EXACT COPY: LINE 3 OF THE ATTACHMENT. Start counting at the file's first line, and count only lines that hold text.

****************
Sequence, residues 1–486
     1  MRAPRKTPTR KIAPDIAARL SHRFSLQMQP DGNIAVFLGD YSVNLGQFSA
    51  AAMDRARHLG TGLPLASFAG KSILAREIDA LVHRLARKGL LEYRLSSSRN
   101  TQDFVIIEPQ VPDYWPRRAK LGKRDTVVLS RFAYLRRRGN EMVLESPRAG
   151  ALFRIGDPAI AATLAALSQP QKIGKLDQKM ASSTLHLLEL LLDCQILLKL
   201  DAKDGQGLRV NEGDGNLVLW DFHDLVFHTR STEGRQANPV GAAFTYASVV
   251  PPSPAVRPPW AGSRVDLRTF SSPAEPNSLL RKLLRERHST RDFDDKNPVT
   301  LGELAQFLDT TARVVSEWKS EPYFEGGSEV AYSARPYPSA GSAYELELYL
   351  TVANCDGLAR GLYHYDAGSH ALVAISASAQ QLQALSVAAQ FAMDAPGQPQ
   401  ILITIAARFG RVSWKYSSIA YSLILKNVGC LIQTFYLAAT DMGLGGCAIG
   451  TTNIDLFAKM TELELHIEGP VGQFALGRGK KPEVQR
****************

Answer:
    51  AAMDRARHLG TGLPLASFAG KSILAREIDA LVHRLARKGL LEYRLSSSRN